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Arts in Review

Finding community by pressing ourselves together



You’re a writer, or you’re trying to be. That’s more accurate. After all, what does it mean to be a writer? Or a poet? Or a playwright? Of course, we must write, each to our own, manuscripts and poems and plays. After we’ve cobbled together a script, or a chapbook, are we then writers? Can we then stop, sufficed at what we are, and throw our proverbial boots up? These are questions for another time. For the moment, suffice it to say that I am trying to be a writer.

Surprisingly (although not too surprisingly), writing means being. It means being, among many other things, present. Your English professors might have you believe being present is all about being in the moment; open your ears, eyes, and be present. Being present also means being in attendance.

In this case, it meant being present at The Paper Hound Bookshop for the reading of various independent works, all published by Quebec’s Metatron press.

Last week, on Feb. 13, I tagged along to a reading hosted by Metatron. I’d never really been to these kinds of events in Vancouver, despite my presence in the writing community here in the Fraser Valley. What I found was striking.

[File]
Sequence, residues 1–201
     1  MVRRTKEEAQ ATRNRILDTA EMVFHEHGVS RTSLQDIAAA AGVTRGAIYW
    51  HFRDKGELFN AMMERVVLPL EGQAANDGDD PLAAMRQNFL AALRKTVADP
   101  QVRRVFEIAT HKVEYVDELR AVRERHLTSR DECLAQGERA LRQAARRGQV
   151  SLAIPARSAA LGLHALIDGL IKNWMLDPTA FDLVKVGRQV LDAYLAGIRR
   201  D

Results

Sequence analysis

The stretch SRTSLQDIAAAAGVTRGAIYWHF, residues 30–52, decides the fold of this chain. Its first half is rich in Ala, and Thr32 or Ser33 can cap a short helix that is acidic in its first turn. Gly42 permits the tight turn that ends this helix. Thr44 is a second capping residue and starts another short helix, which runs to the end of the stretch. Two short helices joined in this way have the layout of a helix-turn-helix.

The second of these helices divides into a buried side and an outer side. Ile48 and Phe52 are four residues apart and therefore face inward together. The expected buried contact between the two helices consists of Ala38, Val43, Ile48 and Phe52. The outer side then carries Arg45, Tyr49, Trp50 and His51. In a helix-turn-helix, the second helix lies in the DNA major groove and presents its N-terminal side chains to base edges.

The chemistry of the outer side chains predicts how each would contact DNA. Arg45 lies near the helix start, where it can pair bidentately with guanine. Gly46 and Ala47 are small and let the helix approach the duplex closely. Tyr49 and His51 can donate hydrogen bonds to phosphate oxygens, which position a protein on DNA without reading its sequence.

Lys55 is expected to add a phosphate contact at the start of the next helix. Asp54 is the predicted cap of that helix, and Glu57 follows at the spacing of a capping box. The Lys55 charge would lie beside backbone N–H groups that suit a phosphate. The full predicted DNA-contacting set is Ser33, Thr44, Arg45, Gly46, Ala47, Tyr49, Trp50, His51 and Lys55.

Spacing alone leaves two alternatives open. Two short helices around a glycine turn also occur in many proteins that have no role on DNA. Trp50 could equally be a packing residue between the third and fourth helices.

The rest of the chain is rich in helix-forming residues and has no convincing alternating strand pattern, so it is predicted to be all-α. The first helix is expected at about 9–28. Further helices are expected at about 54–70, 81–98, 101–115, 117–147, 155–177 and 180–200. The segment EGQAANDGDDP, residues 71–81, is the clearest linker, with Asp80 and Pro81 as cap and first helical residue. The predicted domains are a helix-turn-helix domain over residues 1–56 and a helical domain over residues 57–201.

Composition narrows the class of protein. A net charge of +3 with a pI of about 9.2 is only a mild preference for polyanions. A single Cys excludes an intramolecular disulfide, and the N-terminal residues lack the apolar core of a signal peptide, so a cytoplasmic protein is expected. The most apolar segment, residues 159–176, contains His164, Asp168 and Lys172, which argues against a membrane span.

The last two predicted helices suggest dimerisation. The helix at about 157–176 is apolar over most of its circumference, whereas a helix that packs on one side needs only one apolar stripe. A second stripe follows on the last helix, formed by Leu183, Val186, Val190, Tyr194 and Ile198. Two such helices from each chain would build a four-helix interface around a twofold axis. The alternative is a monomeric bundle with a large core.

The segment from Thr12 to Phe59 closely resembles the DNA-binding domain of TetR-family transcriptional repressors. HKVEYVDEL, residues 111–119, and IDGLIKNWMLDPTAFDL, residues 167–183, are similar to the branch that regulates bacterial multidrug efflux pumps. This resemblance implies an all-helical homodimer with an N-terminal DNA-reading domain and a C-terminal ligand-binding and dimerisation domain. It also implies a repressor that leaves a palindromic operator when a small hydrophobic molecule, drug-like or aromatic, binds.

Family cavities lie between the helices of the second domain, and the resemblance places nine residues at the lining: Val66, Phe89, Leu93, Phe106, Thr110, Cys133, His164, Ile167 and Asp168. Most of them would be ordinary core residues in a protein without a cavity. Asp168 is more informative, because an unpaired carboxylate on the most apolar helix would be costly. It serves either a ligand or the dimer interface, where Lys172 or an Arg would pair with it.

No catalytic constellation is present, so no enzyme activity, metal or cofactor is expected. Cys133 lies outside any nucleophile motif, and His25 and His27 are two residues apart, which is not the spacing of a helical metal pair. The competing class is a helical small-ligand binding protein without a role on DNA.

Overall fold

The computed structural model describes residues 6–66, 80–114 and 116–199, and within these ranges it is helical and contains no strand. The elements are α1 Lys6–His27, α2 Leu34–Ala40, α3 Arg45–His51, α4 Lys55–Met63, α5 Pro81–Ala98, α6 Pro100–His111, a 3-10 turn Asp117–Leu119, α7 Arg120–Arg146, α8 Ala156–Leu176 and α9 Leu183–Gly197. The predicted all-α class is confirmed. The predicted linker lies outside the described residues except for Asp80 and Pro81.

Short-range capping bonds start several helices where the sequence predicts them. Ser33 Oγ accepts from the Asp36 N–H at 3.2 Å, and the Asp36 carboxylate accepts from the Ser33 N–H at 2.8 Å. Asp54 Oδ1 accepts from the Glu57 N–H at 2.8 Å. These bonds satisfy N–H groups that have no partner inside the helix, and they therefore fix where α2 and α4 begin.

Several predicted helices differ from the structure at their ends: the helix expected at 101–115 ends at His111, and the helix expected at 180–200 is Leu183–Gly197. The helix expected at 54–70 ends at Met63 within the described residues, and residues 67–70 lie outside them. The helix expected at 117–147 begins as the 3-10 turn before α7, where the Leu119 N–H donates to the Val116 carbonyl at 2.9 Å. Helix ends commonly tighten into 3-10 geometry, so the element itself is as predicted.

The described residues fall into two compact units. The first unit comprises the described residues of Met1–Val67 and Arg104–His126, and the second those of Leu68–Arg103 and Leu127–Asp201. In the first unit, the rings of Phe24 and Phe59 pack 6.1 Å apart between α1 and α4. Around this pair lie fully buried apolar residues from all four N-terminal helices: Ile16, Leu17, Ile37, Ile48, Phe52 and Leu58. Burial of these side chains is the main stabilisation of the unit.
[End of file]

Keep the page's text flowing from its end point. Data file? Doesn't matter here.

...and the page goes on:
As some 30 people sardined themselves into The Paper Hound and sipped on complementary wine, a selection of some four or five readers took the stage, and shared either poetry or excerpts from short stories. Awkwardness is unavoidable at events like these, but what was perhaps more striking than the poetry (some three chapbooks of which I ended up walking away with), was that what I saw evident before me was a community.

Looking up in surprise and finding friends or acquaintances across the room after entering the shop seemed to be the flavour of the day for many of the people in attendance, and it was in the middle of that crowd that I stood as an outsider. I say “outsider,” but only in the sense that I lacked the context of the room, or of the people in the room, to aid my presence.

As far as a community of writers exists in the Valley, it is not so evident as Vancouver’s. And, the writers I know, I know more because they are my friends than because they are writers. This, I imagine, is also the case for most Valley-based writers. We are a community seemingly only because we have been pushed together through the happenstance of geography.

There are some efforts to remedy this, such as various Valley residents’ self-publishing collaborative zines. While examples like these are great in their encouraging of community, I think that, if my (brief) exposure to Vancouver’s writing community taught me anything, it’s that we need a place, a platform, and a line of communication between us to really cement our burgeoning community.

How this manifests itself in the future is up to us.

Image: Marjorie Lipan/Flickr

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